Not much can stand in the way of progress. This is particularly true in the mobile market. The competition is so fierce that we have seen yearly refreshes that push the feature and quality levels to new heights. Several years back we saw Apple release their high DPI displays and the rest of the industry followed. We have seen Android and iOS add new software features and capabilities into their products that have pushed the limits of the CPU and GPUs of these phones.  Now we are entering a new era with AR and VR capabilities in phones and it is only pushing the performance envelope of these handheld devices that may consume only a couple of watts at full power.

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One area that has needed an upgrade for a while is in the display capabilities cooked into the latest ARM processors. The needs of upcoming phones to display 4K resolutions at 120 Hz for high end devices that can also support VR capabilities are great. Previously units have been limited to 4K/30 or in higher end phones 4K/60 capabilities. With VR being a push in mobile as well as other features that require high resolution displays and high refresh rates, it was imperative for ARM to update their technology on this front.

Previously known as “Cetus”, ARM is introducing the three different functional units that comprise their latest display technology.  The Mali-D71 is based on the new Komeda display architecture and it can handle the aforementioned 4K resolution at 120 Hz. The second portion is the MMU-600 which is a memory management unit which is tightly coupled with the D-71 to provide high bandwidth and low latency memory accesses to achieve that 4K/120 spec.  Finally the Assertive Display 5 unit helps the D-71 provide HDR support across a wide range of specifications.

d71_benefits.png

The new display processor is highly associated with the latest Mali GPU cores, but with enough work a 3rd party licensee could adapt it to another GPU architecture. This is obviously not the most efficient way of using this technology as it is regarded as a turnkey solution for the Mali GPU products. ARM has developed the software stack for both Andriod and Linux, and if needed it can develop Windows based drivers to fully leverage the features of this latest product. It is easily attached to 3rd party panel interfaces.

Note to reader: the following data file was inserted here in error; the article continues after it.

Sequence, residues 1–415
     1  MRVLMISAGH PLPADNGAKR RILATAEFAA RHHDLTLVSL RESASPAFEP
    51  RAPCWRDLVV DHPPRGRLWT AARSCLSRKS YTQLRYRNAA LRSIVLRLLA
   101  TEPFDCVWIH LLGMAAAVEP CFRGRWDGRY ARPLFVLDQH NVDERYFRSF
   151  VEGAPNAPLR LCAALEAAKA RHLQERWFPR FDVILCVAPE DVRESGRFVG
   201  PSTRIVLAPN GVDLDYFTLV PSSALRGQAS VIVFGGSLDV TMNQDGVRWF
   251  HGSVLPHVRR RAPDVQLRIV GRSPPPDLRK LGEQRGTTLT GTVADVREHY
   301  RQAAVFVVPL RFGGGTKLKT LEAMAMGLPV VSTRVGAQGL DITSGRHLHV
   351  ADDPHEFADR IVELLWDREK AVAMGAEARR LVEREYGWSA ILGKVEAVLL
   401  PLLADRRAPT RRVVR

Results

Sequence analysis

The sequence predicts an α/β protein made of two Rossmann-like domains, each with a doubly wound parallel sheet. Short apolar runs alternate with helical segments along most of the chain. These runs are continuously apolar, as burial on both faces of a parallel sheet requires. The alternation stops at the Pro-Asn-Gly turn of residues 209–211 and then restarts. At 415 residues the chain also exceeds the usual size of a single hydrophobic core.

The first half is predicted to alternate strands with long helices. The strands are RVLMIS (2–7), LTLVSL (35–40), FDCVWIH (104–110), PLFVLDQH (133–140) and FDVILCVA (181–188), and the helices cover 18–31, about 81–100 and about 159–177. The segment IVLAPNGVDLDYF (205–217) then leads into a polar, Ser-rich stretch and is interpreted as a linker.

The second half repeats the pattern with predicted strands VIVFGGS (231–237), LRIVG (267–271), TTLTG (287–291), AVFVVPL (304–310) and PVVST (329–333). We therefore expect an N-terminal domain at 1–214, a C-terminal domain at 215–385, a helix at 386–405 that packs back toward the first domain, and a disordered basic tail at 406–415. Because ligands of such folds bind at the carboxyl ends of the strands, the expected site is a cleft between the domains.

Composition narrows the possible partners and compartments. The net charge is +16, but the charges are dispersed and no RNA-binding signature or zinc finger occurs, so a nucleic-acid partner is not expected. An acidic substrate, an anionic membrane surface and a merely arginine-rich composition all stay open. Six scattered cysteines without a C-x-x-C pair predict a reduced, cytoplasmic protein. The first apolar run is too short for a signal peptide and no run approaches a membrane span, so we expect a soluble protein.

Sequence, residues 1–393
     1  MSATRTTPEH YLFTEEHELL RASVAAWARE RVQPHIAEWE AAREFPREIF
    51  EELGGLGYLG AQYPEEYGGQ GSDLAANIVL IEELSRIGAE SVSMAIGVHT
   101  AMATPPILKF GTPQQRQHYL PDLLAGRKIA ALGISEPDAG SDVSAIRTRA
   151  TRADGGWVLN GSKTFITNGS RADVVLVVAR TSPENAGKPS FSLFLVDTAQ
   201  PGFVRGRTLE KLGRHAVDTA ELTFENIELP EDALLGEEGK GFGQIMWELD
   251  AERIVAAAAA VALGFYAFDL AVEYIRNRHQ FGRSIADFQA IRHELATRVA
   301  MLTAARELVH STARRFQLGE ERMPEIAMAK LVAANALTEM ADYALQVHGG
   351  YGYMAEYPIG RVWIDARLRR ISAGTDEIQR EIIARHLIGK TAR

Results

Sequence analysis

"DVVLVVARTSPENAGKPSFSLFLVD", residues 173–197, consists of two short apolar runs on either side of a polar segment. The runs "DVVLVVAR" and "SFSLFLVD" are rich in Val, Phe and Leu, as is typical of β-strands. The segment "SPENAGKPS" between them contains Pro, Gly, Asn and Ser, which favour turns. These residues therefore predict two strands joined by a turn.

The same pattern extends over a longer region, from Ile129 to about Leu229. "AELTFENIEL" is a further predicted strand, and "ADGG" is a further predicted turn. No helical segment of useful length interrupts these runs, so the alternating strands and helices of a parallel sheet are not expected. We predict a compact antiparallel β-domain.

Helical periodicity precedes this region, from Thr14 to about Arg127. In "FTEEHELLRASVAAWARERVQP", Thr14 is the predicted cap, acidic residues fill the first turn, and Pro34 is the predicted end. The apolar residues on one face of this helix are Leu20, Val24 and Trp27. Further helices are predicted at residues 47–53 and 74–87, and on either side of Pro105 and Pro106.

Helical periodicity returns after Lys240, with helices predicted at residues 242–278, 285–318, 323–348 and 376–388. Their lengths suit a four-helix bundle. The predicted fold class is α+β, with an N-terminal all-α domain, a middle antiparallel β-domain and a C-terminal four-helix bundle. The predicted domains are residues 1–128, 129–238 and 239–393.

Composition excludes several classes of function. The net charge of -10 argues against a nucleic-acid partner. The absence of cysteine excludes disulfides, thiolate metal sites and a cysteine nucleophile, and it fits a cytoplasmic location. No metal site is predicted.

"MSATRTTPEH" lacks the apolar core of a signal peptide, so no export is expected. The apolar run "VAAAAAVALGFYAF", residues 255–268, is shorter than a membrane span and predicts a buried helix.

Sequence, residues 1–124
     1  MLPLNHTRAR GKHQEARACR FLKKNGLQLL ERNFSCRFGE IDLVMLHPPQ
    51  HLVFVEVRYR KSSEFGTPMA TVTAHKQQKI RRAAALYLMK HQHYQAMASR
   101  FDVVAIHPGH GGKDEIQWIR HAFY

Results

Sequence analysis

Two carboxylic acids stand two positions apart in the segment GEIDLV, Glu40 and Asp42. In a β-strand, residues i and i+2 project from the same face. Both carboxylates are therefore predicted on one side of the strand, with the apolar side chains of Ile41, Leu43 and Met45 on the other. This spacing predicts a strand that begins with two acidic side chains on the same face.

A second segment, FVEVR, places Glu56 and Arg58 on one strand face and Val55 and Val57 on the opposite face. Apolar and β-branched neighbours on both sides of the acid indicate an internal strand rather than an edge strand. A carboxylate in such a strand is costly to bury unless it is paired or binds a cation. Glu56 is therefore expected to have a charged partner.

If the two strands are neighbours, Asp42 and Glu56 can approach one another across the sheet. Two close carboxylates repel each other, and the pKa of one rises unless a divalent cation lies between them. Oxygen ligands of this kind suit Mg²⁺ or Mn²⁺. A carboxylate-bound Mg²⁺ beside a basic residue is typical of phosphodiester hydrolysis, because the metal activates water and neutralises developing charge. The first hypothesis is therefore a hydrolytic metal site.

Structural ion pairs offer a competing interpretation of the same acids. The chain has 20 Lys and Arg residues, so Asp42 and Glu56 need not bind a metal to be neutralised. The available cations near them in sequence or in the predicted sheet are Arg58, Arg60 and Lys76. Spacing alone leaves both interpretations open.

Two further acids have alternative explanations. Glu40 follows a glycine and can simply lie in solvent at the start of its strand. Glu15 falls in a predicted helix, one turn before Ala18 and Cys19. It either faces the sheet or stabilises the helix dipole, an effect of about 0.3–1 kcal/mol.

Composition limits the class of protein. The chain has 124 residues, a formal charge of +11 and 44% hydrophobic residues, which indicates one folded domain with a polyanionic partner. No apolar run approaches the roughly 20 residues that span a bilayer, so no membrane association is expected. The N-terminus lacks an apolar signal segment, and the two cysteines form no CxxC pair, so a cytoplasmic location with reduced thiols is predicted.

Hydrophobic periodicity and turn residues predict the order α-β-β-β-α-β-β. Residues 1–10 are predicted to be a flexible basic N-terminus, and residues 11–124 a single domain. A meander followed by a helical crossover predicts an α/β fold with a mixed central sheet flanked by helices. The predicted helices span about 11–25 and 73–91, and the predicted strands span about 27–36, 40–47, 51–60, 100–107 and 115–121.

The D-71 is somewhat unique in that it adds a tremendous amount of features and speed, but is highly area efficient as compared to previous products. It takes up about half the size of the previous DP-650 unit, but because of the overall design and specialized hardware support in D-71 it features twice the pixel throughput at about 70% of the power consumption. This is an excellent example of inspired design overcoming previous generation limitations.

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MMU-600 is a lynchpin in the operation as it provides advanced memory management which improves bandwidth and lowers latency dramatically as compared to the previous unit. It is tightly designed with the D71 and is highly optimized to work with the latest AMBA/CHI interconnect and Mali-G series of GPUs.

The final piece of this release is the Assertive Display 5 functionality. This provides extensive HDR support with a wide variety of panels. It is highly programmable and can provide HDR-like performance even to SDR displays. It has native HDR 10 and HLG support as well as converting HDR content to SDR. It implements blue light filtering in hardware as well as compensation for ambient light using the device sensors. ARM tries to ensure the best possible picture from the screen no matter the conditions.

cetus_all.png